For three decades, an extremist mindset had dominated Saudi lifestyle, seized control of its social milieu, banished the legitimacy of art and brought an end to all forms of musical, theatrical and sports entertainment.
Concerts were absent from the scene for nearly a decade, until a bold decision was taken to create an entertainment body that drew up a special calendar of events catering to all tastes and ages from children to adults. Distinguished musicians featured in this schedule.
Al-Rahabneh played in Saudi Arabia, as did the internationally acclaimed musician Yanni — who presented his most beautiful tracks to large audiences. Cheb Khalid also performed in the country. All of them considered performing in Saudi Arabia a highlight in their artistic careers. The Sports Authority received a shot in the arm when the Saudi team qualified for the FIFA World Cup, amongst a cross-section of the world’s top players.
The revival of cinemas
All these developments coincide with the decision to issue licenses for cinemas in Saudi Arabia, many of which have remained vacant since the late 70s at Aramco and various sports clubs in Riyadh, Jeddah, Taiif and Buraidah. In his book The Magic Lantern, Khaled Rabii writes: “In the 1970s, there was a cinema in Taiifin, an old Ottoman style building that was the meeting point for families” (p. 11).
Cinemas were not discontinued from sports clubs until the late 1970s. There is a well-known story narrated by Khalid Al-Bassam in his book Ya Zaman Al Khalij about the visit of King Abdul Aziz to the Bahrain Theater.
The community deserves to have a fully developed and well-respected entertainment agenda that caters to everybody’s tastes and music is an essential part of that entertainmentFahad Suleiman Shoqiran
The story reads as follows: “As part of the hospitality shown by His Highness Sheikh Hamad bin Isa Al Khalifa toward His Majesty and the Princes, the Grand Court of Sheikh Hamad told the Bahrain Theater Department that it is reserving two shows on Saturday night for the Royals and that no tickets should therefore be sold to the public. His Majesty King Abdul-Aziz honored the theater with his presence along with the princes and the followers … Everyone watched the Arabic adaptation of the movie The Fugitive, an Egyptian production of 1936. The story revolves around two run away soldiers who lived in the mountains for a certain time, and then one of them dies while the other lives on with his sweetheart and marries her”.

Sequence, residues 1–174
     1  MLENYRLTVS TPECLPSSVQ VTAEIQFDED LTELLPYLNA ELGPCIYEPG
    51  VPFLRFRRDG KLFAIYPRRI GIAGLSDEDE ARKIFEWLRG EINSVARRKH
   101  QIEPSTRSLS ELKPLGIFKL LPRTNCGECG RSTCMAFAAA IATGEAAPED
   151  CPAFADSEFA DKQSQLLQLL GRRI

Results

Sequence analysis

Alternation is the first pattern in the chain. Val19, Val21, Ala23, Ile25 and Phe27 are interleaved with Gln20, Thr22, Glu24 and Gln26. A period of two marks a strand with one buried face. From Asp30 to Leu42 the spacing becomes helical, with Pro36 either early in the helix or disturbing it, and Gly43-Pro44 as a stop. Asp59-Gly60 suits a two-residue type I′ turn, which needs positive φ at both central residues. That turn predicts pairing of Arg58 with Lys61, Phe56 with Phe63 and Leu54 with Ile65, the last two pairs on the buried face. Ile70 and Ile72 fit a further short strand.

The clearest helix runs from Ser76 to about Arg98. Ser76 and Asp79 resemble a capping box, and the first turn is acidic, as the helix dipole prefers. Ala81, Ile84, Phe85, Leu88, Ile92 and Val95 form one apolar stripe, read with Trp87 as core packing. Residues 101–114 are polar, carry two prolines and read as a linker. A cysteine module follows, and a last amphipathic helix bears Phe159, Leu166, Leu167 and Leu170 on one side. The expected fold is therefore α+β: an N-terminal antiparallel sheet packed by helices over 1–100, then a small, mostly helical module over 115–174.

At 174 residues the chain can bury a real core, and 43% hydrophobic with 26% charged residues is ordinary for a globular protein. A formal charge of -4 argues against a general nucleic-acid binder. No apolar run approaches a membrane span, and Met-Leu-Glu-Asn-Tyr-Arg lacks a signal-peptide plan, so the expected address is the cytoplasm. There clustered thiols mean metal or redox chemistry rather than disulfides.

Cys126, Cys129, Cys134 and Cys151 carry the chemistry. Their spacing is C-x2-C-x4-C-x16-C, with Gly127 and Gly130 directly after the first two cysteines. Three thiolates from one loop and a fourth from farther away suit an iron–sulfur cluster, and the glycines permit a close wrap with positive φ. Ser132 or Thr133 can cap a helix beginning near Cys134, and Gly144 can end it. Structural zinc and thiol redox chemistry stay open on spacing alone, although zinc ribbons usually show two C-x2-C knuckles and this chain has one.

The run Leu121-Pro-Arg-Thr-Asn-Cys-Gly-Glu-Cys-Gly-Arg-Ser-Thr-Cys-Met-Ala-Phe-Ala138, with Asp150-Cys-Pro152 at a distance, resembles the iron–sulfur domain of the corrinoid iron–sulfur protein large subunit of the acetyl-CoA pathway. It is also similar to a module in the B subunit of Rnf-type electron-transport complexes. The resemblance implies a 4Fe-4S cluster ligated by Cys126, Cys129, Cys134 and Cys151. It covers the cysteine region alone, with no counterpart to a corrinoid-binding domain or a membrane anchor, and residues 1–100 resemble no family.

This visit was an important event for the cinemas, and their popularity increased. Indeed, “The Crown’s visit ended any remaining opposition to art, both religious and social.”
Even the Kings succeeding King Abdul Aziz attended the screening of films and documentaries, whenever they visited Aramco. It was an opportunity to learn about developments in the world of arts, innovation and science as well as chart the challenges and new advances in development. So the reinstatement of entertainment, cinema and sports is only a revival of a well documented history of Saudi society and its institutions.
A culture for life
Of late a video clipping of King Abdul Aziz inaugurating the final match of the first Saudi Royal Cup became trending online. Commenting on the video a Saudi sports enthusiast Mohammed al-Qaddadi said: “The game between Al Etihad and Al-Tewfik, both from Dhahran, was the only game attended by King Abdul Aziz, who then handed over the trophy to the winner, amid celebration by the audience that surrounded the stadium.”
In a nutshell, the interregnum in which the society was restricted and held back has come to an end and we now have a political and governmental administration that considers entertainment a prerequisite for realizing the meaning of the civil state. Theaters and all other platforms have emancipated from the demented stars of the Shillat, snapchat, and social media who think that entertainment is about clowning, screaming and jesting.
The community deserves to have a fully developed and well-respected entertainment agenda that caters to everybody’s tastes and music is an essential part of that entertainment. By promoting entertainment we can revive the culture of life, which will crush the messages of hatred and eradicate the culture of death. As Imam Ibn Hazm once famously said, “Music is like walking in the orchards.”
This article is also available in Arabic.
Fahad Shoqiran is a Saudi writer and researcher who also founded the Riyadh philosophers group. His writings have appeared in pan-Arab newspaper Asharq al-Awsat, Alarabiya.net, among others. He also blogs on philosophies, cultures and arts. He tweets @shoqiran.